Another method is to find an area close to were they are at low tide on the beach, most of the time around jetties. Dig a hole deep enough to put a bucket any size you desire into, with the mouth level with the sand. Smooth the sand down around the mouth. Then, you heard the crabs into the bucket. It takes some planning, but can be very effective. If the beach is rocky, you can find the crabs under palm size rocks. You got to be fast and dip net will help. Do not worry about there claws, they are too small to hurt you.

When fishing for Sheep Head, I will fish them right next to the pilings were they hang out. I normally hook the crab right under the smaller claw and pierce though to the other side. I will use either a size eight or size six “J” hook. Then I use just enough spit shots to get me to the bottom and keep me close to the piling. If you do not want to use spit shots, you can use a sliding sinker, no heaver than one ounce. Either uses a spit shot or a barrel swivel, placed about a foot away from the bait. Another thing, always hold your rod because Sheep Head are experts at stealing bait.

Next, let us talk about shellfish. As far as for bait, Mussels are probably my favorite. They are kind of a bitch to keep on the hook; however, I have a method that has become my secret weapon for surf fish.

Mussels, was my “go to” bait when I lived on the Pacific and yet, they do not seem too plentiful in the Atlantic. This is a shame because all kind of fish will take them. In the Pacific Ocean, you can find them on the large rock formations and pilings on docks and piers. I will use a small sand shovel or some other tool to pry them loose.

Now for my next trick, I will tie on a snap swivel, select whatever size of weight that will keep the bait on the bottom, hook it to the swivel. Take three sizes eight or size ten hooks on a leader and add them to the snap, then close the snap securely.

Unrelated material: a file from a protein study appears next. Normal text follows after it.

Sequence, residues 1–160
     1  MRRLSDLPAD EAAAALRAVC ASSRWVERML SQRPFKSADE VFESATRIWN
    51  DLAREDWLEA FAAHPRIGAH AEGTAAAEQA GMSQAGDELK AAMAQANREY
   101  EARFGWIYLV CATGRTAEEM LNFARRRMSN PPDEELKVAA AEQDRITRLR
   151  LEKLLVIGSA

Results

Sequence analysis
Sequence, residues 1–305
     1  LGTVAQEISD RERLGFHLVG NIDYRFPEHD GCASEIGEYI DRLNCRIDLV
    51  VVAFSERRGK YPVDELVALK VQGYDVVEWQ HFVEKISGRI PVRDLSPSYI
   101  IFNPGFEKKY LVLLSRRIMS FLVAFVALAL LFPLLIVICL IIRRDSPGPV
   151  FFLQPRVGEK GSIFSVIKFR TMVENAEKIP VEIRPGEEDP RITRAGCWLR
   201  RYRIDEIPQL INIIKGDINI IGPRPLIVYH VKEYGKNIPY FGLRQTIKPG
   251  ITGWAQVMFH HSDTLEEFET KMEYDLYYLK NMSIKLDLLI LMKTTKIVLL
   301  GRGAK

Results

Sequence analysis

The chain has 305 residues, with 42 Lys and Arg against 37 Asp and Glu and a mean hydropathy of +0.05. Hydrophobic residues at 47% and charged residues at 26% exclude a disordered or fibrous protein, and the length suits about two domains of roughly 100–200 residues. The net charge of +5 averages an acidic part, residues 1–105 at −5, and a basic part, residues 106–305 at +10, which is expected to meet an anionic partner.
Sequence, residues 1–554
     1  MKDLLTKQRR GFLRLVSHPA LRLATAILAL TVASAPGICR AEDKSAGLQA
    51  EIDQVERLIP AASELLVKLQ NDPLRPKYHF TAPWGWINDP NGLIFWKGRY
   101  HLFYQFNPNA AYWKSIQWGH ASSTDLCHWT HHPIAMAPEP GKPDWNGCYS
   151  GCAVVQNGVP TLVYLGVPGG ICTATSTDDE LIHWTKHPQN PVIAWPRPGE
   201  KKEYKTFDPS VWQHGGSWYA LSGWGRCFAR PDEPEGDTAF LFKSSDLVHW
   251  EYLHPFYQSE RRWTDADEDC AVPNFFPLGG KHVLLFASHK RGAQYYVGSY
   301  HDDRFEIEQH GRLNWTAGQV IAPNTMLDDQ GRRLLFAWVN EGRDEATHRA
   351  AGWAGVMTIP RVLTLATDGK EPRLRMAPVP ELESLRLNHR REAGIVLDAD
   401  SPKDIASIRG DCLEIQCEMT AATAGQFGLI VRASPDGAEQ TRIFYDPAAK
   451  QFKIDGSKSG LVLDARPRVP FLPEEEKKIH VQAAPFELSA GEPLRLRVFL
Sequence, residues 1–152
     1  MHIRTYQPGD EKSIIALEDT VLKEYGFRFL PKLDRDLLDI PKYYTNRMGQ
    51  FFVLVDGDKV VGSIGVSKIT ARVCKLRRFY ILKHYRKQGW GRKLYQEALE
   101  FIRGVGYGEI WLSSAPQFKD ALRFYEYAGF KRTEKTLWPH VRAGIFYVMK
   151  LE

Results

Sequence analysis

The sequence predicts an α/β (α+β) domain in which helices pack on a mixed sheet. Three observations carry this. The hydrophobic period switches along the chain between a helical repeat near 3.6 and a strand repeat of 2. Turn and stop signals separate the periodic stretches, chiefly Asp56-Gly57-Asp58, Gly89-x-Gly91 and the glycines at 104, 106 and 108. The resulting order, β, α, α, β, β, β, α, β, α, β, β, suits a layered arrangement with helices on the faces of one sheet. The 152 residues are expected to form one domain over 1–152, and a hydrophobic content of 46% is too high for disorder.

I will now carefully open the mussel with a knife. I stress the word carefully , because the shell is easy to break, and it will not be as affective. When you open the shell, work the knife around the outer part of the meat, just enough to loosen it. Finley, take your rig, keeping the weight behind the shell and securing the hooks one in the middle and the other two on ether side of the shell. This rig is best to be fished in sheltered water because it is fragile ! Presenting the bait in this manor will most definitely induce strikes if fished around rocks or docks were mussels live!

Clams are also a killer bait that can be fished using the same tactic discussed above. Once again, the time to find them is at low tide. You actually follow there “tracks” that they leave when they inch there way across the newly exposed sand. They then produces a small mound when they cover them self’s. All you need to do now is dig them out! I almost forgot two other baits you can find on the beach. One is the pile worm which you can find some times in rotting wood, like an old dock. Sometimes they will be under rocks around jetties. You must be careful, though, they do bite!

Another favorite bait of mine found on beaches in California, is the ghost shrimp that can be found under rocks at the waters edge. They are almost transparent, with two claws that make them look like an Albino crayfish. They are sometimes hard to find but it is well worth it, fish love them! On my other related hub, I discuss freshwater bait check that out as well!

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    • CZCZCZ profile image

      CZCZCZ 

      6 years ago from Oregon

      Great bait choices for the surf and jetty angler. Getting ready to go get some mussels off the rocks tomorrow in hopes of doing a little fishing around some local rock fish and lingcod spots.